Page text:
We Are a Global Village

Singapore — We are a global village and we are connected in our human vulnerability. This was the message of Singapore Home Affairs Minister Wong Kan Seng, reported in the The Straits Times this morning.

We are a global
village and we are
connected in our
human vulnerability.

The message rings true. On the flight in from Tokyo I sat next to a campus minister from Southwest Missouri State University who has paid his own way to volunteer. Next to me on the opposite was a medical volunteer from Pennsylvania.

I am writing on a flight from Singapore to
Medan, Indonesia. On this flight, which is full, a volunteer wears a shirt
bearing the logo of the Redondo Beach Fire Department. A team of a dozen
medical personnel bearing vests identifying themselves as the NHIC Ilsan (South
Korea) Hospital Medical Services Team is
on-board.

A team of (mostly) young
people wearing t-shirts with International Service Partners from Austin, Texas
is headed for the disaster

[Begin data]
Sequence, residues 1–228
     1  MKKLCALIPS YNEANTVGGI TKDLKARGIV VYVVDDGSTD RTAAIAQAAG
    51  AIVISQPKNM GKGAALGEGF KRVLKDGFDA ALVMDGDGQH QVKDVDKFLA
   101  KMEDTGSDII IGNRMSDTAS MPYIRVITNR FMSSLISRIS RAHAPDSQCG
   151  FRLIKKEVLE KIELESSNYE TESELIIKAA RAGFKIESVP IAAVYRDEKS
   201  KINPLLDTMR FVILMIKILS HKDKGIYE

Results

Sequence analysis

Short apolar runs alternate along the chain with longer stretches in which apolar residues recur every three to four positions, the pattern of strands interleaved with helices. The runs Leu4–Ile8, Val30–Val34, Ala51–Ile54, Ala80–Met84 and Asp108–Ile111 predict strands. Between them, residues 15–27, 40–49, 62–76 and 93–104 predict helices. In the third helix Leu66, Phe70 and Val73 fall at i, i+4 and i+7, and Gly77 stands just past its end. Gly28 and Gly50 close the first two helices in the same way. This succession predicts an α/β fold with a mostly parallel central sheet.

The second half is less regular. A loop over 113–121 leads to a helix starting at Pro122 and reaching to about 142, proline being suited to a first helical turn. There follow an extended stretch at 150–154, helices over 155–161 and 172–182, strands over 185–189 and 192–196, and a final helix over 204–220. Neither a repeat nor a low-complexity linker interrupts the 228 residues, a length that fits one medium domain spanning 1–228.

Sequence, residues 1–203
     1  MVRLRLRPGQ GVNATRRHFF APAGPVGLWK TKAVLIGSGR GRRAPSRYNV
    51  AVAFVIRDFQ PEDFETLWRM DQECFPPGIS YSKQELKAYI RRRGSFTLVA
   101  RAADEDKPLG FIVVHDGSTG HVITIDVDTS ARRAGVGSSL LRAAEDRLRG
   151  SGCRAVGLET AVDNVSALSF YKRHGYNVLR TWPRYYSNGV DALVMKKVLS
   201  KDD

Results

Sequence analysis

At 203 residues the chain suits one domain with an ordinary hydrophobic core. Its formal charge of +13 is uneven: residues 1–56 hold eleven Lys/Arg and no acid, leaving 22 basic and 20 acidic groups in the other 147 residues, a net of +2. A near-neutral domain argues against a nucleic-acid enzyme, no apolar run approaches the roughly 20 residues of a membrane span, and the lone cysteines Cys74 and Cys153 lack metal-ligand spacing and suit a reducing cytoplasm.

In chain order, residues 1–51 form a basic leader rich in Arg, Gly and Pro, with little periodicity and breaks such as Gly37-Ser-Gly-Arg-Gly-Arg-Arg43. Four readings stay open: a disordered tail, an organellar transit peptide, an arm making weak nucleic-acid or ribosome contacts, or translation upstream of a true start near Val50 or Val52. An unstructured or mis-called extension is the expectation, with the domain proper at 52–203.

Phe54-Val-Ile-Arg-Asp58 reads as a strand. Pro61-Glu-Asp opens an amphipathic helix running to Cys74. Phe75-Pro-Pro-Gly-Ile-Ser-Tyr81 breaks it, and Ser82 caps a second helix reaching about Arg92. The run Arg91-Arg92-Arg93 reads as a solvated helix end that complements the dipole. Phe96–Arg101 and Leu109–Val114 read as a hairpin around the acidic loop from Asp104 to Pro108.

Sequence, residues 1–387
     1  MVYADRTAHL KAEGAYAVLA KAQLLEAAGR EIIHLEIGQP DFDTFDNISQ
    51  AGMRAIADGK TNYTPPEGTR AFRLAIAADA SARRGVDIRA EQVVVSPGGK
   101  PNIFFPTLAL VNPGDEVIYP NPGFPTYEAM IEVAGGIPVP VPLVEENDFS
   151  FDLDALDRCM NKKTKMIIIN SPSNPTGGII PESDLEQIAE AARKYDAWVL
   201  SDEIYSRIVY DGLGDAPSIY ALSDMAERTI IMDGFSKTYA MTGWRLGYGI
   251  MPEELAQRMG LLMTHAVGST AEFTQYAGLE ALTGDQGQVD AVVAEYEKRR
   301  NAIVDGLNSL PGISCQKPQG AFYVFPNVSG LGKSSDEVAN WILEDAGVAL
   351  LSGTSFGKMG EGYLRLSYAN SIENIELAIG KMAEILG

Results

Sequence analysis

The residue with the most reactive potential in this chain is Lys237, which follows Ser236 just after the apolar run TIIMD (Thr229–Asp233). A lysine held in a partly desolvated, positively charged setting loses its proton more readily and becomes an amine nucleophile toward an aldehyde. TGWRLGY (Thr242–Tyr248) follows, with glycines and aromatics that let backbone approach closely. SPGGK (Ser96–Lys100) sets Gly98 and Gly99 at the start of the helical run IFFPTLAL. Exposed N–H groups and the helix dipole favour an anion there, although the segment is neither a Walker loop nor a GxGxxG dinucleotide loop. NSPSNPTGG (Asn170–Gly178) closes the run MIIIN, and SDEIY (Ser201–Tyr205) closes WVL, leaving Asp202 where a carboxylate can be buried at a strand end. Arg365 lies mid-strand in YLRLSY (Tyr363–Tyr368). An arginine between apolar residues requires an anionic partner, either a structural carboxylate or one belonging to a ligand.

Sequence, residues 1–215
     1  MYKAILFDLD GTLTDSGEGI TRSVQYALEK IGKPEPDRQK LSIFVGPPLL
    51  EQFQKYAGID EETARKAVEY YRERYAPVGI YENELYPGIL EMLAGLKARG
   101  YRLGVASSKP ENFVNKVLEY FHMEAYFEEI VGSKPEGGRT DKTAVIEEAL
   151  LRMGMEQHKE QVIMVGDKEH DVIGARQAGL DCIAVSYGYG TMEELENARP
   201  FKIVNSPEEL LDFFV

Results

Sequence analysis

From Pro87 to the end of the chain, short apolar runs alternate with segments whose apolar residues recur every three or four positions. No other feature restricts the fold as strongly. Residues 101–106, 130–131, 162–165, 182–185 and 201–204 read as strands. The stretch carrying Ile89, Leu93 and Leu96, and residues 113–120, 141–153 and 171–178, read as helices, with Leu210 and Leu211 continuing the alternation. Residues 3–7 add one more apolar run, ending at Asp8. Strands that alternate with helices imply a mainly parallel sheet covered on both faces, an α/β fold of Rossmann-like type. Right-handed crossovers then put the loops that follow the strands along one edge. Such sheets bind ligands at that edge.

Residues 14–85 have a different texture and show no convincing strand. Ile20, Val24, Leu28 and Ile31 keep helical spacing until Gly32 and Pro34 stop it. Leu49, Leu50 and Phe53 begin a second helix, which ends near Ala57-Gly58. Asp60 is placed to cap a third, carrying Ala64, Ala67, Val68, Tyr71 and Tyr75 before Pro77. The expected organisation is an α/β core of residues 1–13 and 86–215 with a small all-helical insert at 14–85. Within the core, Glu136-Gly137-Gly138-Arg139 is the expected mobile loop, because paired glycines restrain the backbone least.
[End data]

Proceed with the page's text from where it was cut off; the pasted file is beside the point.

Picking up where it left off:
zone.

This disaster has been a
global unifying event. It’s as if this tragedy has become an occasion to say no
to demonization and dehumanization. In the last few months we’ve hear often the
language of terror, of suicide bombers, of people reduced to easily defined
catch-phrases in media reports. And a few have demonized “those” different
from “us”. In this situation we see each other as human
beings.

I believe this outpouring of
compassion represents refusal to buy into this demonization wholeheartedly.
It’s as if the people of the world are saying, “Some of us are hurting and the
rest of us can help. Let’s do
it.”

Maybe that sounds overly
optimistic. It certainly is naive. But it’s a whole lot better than doing
nothing. So I’m willing to overlook naivete’ because the statement underneath
is so powerful.

That statement is
that despite division and discord we’ve not lost our sense of humanity. We may
not know how to articulate it, but we know we live in a global village. It’s a
small world, after all.

It is also a
statement that compassion is still a compelling value and people are willing to
act on it.

Some will even travel
around the world just to help others in distress. While we have real and
significant differences, we also have much in
common.

And on this understanding hinges a
global village and the hope that we can see beyond division and demonization to
a community of healing and
hope.

What we have in common is our
human vulnerability and our ability to help each other when one of us needs a
helping hand.

Wow, that’s naive.
But every plane I’ve been on these past 24 hours has been loaded with these
naive villagers.

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